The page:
She was only 12 when she died hours after being struck by a sport utility vehicle as she and a friend crossed the street outside her school. The tragic death in March of a 12-year-old Albuquerque middle school student continues to highlight hazards faced by pedestrians throughout the country.
The above-mentioned accident occurred during daylight hours. The two girls sought to cross the street through the crosswalk along a two-lane road. A vehicle in the left lane stopped to let two girls go, however, the vehicle in the right lane didn’t see the girls and continued driving striking one of them.
Twenty-five pedestrians killed in Albuquerque in 2017
The streets of Albuquerque can be dangerous. According to the Albuquerque Police Department, 64 fatal car accidents occurred in the city in 2017. Pedestrians accounted for 25 of the fatalities or 39 percent. For the first three months of 2018, the city already has reported 10 pedestrian fatalities.
Other related statistics support the hazards that pedestrians face. in 2016, New Mexico had the highest pedestrian fatality rate of 3.45 deaths per 100,000 people, according to a recent report by the Governors Highway Safety Association (GHSA).
Recent numbers, however, seem more promising. For the first six months of 2017, New Mexico’s pedestrian fatality rate dropped to 1.48 per 100,000. The state, though, still ranks second just behind Arizona with 1.61.
State saw 11 percent decline in pedestrian fatalities
The GHSA report also noted that:
- During a three-year period ending in 2016, New Mexico was one of five states in which 80 percent or more of the pedestrian fatalities occurred at night. The state ranked at the top with 84 percent.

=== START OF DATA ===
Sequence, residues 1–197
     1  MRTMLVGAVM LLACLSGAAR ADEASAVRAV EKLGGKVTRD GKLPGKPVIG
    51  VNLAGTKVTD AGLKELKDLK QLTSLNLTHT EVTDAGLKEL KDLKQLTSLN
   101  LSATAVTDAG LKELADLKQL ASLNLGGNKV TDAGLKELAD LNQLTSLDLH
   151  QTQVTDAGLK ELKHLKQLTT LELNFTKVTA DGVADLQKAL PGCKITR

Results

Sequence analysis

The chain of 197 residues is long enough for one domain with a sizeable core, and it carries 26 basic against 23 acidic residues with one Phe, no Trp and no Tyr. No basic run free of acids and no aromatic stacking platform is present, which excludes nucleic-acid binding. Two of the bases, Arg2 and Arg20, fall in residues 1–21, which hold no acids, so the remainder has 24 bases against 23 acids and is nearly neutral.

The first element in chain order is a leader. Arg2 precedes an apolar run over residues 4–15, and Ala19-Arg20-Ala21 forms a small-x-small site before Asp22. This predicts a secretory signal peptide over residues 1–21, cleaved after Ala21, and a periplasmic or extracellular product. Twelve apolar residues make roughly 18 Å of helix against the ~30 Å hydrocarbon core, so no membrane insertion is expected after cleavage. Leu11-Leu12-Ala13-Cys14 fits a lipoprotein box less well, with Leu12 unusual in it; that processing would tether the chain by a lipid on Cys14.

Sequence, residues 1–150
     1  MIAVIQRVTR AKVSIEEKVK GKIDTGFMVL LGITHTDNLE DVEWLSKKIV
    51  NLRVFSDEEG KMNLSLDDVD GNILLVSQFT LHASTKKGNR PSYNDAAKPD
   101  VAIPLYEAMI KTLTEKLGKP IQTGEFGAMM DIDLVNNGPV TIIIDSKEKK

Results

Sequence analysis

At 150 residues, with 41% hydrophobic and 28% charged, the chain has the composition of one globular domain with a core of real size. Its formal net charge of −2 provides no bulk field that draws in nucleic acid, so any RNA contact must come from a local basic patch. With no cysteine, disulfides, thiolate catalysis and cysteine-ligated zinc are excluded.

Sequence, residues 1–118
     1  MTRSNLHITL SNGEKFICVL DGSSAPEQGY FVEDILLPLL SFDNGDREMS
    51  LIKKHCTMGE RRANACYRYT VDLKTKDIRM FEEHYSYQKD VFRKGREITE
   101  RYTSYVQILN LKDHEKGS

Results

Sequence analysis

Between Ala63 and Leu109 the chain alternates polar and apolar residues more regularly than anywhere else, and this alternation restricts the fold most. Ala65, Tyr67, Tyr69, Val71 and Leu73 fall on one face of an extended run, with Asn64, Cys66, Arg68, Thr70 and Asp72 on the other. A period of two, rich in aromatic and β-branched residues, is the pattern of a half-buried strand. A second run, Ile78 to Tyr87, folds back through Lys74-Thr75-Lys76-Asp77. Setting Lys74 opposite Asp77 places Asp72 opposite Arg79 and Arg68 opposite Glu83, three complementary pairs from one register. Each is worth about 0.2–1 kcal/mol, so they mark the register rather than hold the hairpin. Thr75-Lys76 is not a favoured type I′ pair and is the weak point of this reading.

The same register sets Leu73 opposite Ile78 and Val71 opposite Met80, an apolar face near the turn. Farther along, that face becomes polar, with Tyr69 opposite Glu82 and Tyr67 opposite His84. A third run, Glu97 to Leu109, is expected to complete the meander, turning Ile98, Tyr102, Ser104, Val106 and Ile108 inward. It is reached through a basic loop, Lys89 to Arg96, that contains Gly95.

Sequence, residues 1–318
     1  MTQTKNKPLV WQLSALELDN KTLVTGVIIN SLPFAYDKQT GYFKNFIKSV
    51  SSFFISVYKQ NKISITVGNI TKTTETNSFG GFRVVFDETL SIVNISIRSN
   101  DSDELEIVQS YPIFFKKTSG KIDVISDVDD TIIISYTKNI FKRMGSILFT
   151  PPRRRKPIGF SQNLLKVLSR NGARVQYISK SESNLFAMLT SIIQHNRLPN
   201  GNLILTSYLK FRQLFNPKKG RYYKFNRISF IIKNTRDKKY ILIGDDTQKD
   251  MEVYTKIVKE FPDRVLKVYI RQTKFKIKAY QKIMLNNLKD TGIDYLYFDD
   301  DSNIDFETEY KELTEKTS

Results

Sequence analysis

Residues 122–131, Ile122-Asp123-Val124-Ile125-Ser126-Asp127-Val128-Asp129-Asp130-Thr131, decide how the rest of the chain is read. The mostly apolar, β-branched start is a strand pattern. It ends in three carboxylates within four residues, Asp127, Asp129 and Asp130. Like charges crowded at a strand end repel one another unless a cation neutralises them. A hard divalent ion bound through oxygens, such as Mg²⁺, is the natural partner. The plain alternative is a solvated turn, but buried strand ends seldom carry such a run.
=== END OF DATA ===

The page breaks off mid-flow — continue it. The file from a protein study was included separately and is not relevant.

- New Mexico, however, has seen progress in decreasing the number of pedestrian fatalities. According to the report, the 31 pedestrian deaths that occurred during the first six months of 2017 represented a more than 11 percent decline compared with the same period during the previous year.
Safety tips for pedestrians
Pedestrians need to be aware of all potential safety hazards that may surface while walking city and rural streets. Here are some tips to remember:
- Always look both ways before crossing the street.
- Use the crosswalk
- Follow all traffic signs and signals
- Wear light-colored clothing so drivers can see you.
- Don’t talk or text on your cellphone while walking.
- Ditch the earbuds, and avoid listening to music or podcasts while walking.
- Watch out for distracted drivers who may be texting, talking on the phone, eating food or talking with a passenger.
Walking is good exercise and the simplest means of transportation. Please remember to stay alert to any potential dangers and always stay safe.